As long as he’s not the one being investigated, President Trump appears to be a big believer in law enforcement.

Most of his address on the opioid overdose epidemic Monday in Manchester, New Hampshire, offered tougher laws and harsher punishments to end the “scourge” that kills an average of 115 Americans every day.

The solution, he said, requires building a wall on the Mexican border to keep drugs out, and imposing economic penalties for “sanctuary cities” unless they use municipal resources to hunt down undocumented immigrants.

For drug dealers, Trump said, he favors the death penalty. He spoke glowingly about countries that execute drug dealers because they have “zero tolerance” and “don’t play games.”

He didn’t say which countries, but it was a good description of the policy favored by brutal dictator Rodrigo Duterte of the Philippines, someone Trump has complimented in the past.

“I love tough guys,” the president called to the invitation-only crowd. “We need more tough guys!”



But if the president would listen to some of the real tough guys on local police forces in Maine and elsewhere, he would likely hear that he’s on the wrong track.

They have told us time and again that they cannot arrest their way out of this problem, and that law enforcement alone won’t work.

Prescription painkillers, either made here or legally imported, are what started the epidemic and are still involved in nearly two-thirds of the overdose deaths. A border wall would not keep these painkillers out.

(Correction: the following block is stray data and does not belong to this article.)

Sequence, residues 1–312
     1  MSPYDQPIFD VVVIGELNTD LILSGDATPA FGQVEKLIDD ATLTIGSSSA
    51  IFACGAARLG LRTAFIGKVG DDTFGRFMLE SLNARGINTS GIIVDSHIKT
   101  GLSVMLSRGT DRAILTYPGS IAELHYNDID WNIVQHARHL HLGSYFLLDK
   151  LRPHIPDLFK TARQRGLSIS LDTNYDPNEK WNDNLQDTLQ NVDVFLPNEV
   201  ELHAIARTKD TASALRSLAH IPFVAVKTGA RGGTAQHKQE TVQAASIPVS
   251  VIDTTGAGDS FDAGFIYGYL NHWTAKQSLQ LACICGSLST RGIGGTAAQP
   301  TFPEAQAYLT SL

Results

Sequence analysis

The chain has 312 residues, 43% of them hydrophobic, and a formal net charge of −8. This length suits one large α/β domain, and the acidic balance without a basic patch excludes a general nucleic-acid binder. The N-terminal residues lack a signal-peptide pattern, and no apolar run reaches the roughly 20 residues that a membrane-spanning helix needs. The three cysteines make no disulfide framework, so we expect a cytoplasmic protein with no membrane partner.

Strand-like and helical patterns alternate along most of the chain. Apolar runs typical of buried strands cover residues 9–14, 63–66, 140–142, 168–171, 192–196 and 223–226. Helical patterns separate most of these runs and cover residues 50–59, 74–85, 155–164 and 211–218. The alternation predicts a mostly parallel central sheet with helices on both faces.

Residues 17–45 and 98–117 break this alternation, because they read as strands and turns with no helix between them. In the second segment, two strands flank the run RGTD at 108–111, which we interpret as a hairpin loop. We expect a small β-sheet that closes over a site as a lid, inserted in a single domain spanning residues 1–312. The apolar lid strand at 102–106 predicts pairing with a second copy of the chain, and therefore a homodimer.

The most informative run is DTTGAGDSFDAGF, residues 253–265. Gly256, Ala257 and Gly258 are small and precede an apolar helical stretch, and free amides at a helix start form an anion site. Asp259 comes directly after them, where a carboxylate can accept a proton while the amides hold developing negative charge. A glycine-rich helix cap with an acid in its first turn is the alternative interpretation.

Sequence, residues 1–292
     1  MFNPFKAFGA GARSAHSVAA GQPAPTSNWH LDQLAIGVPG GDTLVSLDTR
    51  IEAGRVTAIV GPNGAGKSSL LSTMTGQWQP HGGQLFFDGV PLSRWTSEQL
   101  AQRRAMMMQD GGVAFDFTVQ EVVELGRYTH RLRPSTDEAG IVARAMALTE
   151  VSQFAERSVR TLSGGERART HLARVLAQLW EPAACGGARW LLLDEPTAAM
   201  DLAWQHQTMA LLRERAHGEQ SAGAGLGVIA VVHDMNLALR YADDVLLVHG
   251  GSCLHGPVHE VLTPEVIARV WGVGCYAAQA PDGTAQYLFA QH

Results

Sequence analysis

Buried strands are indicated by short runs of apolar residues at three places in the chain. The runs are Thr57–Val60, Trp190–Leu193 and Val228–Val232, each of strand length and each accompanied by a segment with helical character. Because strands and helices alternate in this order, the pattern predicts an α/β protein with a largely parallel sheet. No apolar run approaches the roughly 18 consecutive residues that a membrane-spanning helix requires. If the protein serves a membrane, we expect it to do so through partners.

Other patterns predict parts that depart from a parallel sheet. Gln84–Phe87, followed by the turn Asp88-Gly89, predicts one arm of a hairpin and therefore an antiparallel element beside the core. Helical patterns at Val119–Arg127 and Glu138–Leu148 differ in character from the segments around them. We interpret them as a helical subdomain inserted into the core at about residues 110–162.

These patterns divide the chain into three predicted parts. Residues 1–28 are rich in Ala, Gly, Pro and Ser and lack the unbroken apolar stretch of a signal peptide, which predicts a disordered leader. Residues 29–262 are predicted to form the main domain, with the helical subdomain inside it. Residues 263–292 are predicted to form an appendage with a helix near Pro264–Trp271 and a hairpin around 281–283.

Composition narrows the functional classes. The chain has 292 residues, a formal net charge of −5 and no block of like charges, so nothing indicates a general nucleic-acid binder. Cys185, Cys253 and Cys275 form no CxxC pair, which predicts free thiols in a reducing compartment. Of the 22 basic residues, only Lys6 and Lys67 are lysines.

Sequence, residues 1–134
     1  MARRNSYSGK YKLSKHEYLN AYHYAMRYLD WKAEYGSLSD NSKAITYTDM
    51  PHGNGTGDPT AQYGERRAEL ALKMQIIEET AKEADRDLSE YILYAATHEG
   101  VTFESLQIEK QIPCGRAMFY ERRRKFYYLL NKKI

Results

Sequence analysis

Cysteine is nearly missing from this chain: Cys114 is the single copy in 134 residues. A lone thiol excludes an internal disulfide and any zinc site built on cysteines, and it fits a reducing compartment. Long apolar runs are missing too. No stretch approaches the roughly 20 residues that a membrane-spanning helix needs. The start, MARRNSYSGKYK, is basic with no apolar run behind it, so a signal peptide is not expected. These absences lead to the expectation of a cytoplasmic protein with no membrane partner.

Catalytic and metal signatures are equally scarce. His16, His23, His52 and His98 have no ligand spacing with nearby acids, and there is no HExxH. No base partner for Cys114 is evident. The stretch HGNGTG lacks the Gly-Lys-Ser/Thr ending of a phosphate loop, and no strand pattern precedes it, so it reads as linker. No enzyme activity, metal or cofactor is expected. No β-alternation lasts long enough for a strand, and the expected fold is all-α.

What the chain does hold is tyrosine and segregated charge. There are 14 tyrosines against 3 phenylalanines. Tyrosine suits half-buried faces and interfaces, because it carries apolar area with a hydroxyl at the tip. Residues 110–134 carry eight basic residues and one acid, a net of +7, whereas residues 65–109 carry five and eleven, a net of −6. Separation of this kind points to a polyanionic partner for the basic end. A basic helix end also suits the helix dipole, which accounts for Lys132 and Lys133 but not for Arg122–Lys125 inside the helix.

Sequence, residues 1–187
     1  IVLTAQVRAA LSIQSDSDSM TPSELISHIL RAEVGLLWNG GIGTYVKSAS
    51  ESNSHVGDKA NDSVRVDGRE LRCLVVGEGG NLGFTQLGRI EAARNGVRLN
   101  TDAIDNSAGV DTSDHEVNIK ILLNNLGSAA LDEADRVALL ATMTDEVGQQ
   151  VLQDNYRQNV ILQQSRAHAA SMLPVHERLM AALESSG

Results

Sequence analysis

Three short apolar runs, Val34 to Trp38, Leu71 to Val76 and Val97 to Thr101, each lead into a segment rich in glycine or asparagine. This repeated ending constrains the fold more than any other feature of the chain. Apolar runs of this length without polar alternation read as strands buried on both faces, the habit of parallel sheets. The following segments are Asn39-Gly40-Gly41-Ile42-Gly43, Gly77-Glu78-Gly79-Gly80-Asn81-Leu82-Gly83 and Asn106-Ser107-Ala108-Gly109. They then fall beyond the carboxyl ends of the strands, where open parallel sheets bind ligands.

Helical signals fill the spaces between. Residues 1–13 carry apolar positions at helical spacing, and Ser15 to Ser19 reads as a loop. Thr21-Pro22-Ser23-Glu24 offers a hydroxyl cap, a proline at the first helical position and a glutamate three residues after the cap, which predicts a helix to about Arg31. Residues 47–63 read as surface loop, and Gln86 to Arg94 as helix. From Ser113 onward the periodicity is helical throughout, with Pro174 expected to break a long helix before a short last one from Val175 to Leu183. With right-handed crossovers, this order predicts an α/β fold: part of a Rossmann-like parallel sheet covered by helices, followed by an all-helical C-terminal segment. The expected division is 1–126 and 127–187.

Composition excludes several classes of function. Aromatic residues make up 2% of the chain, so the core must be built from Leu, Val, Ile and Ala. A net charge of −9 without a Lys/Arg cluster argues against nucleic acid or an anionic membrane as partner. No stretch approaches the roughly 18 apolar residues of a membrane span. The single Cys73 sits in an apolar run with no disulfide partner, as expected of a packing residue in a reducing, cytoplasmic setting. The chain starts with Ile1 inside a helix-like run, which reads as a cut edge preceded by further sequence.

In addition, given that immigrants are less likely to commit crimes than native-born Americans, turning local police departments into enforcement agencies that crack down on minority communities instead of protecting them would be, among other things, a colossal waste of time.

And the death penalty may sound tough, but it would mean very little to someone already facing decades in prison for major drug offenses. It might be a deterrent if every drug dealer expected to be caught, but they don’t – and you can see why.


The police cannot watch everyone all the time, and drug deals are going to occur as long as there is a demand for drugs.

Trump briefly mentioned some changes he’s proposing to reduce demand, including allowing Medicaid to be an eligible payer in more drug treatment facilities, and an unspecified amount to be spent on developing a non-addictive painkiller.


But six years into the epidemic, we should know what to do.

It’s not a question of whether it’s a supply problem for law enforcement or a demand problem for the medical community. It’s both.

If this were an infectious disease, we wouldn’t be arguing about whether to find the source of the virus or to treat the people who are infected. The gold standard for opioid addiction treatment is medication-assisted treatment, using drugs such as methadone or Suboxone.

Too many people who want treatment can’t get it because they don’t have health insurance and can’t afford to pay the out-of-pocket costs.

So, it’s fine if the federal government tries to scare kids straight with Trump-touted “great commercials” or scare drug dealers into retirement with a new death penalty law, but it should focus first on what has been proven to work.

If the president wants to stop the carnage, treatment is where he needs to start.

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